As you’ve probably noticed, many new teachers have started this year at Sequoyah. Among them is the new math teacher John Romano.
Explaining his path to becoming a mathematics teacher, Romano noted that he was always interested in any form of abstract mathematics, and early in his career he was an actuary at Metropolitan Insurance in New York City. He did not enjoy this job, which required him to calculate and measure risks for the company. When he was offered a teaching position at Trinity School, he accepted it.
“We lived mathematics,” John said about his time at Trinity. “During my several terms as a Mathematics Department Head [at other schools], I was never able to recreate that exchange of ideas that existed at Trinity.” He stayed at Trinity School for 12 years before he left to teach at Harvard-Westlake School in North Hollywood. He said “It was a great school; however, it lacked that free exchange of abstract ideas and seemed a bit stuffy.”
Reflecting back on his relationship to his field, Romano noted that “As I have matured, I have a better appreciation for the applications of mathematics.” He said that with great understanding of math you can become a physicist or economist; he has applied his abstract math training to fields like computer science over the years.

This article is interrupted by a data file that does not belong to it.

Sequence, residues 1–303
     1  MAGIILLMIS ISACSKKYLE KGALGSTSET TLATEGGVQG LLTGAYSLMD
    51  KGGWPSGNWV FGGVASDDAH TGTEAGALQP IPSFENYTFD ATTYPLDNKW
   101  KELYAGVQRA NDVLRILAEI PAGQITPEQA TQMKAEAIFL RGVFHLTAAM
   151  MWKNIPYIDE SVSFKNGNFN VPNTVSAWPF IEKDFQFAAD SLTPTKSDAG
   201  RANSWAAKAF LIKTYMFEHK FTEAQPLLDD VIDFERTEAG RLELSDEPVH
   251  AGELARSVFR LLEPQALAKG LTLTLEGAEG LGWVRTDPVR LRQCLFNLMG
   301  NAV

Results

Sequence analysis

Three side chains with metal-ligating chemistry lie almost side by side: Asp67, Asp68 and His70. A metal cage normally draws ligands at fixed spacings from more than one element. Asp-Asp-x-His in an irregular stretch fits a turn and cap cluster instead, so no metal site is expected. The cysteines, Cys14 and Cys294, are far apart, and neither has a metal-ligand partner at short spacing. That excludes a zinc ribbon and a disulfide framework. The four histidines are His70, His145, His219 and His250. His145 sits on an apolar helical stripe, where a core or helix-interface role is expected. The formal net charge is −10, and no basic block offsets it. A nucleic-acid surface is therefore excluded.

When it comes to his philosophy of teaching math, Romano stated that “I honestly believe that there is no one best way to teach a math class, as it depends on the students in the class.” However, he did say that it is necessary for the teacher to enjoy math and respect their students. He thinks that teaching is a wonderful experience when the student body is more socially, ethnically, and economically diverse.
Romano’s take on Sequoyah is incisive. He said, “In my opinion, what separates Sequoyah from other schools I taught at lies in their willingness to dispel educational norms and travel their own path. Most importantly, Sequoyah values traditional concepts while abstracting these concepts into an applied setting. There are schools that are effective at traditional processes while others focus on the applied. In my opinion, the faculty and administration at Sequoyah are committed to success at both ends of the spectrum.” He also thinks that Sequoyah is successful because they succeed at being able to “write useful evaluations rather than assigning a simple grade.”
In his free time prior to the pandemic, Romano enjoyed sailing, playing the horn, and racquetball, though he mentioned that he wasn’t very good at these hobbies. Now he enjoys spending time with his family and grandson. “Very few days have passed [that] I did not play some cool game like Beyblades with the little guy [his grandson],” Romano noted.
You’ve probably heard the rumor that Romano has a Guinness World Record for the most math classes taught. When asked about it, he replied, humbly, “Oh my, I have so many Guinness World Records, they are not even worth mentioning. I hate to brag.”
If you see John Romano around campus be sure to say hi–he has a lot of interesting things to talk about!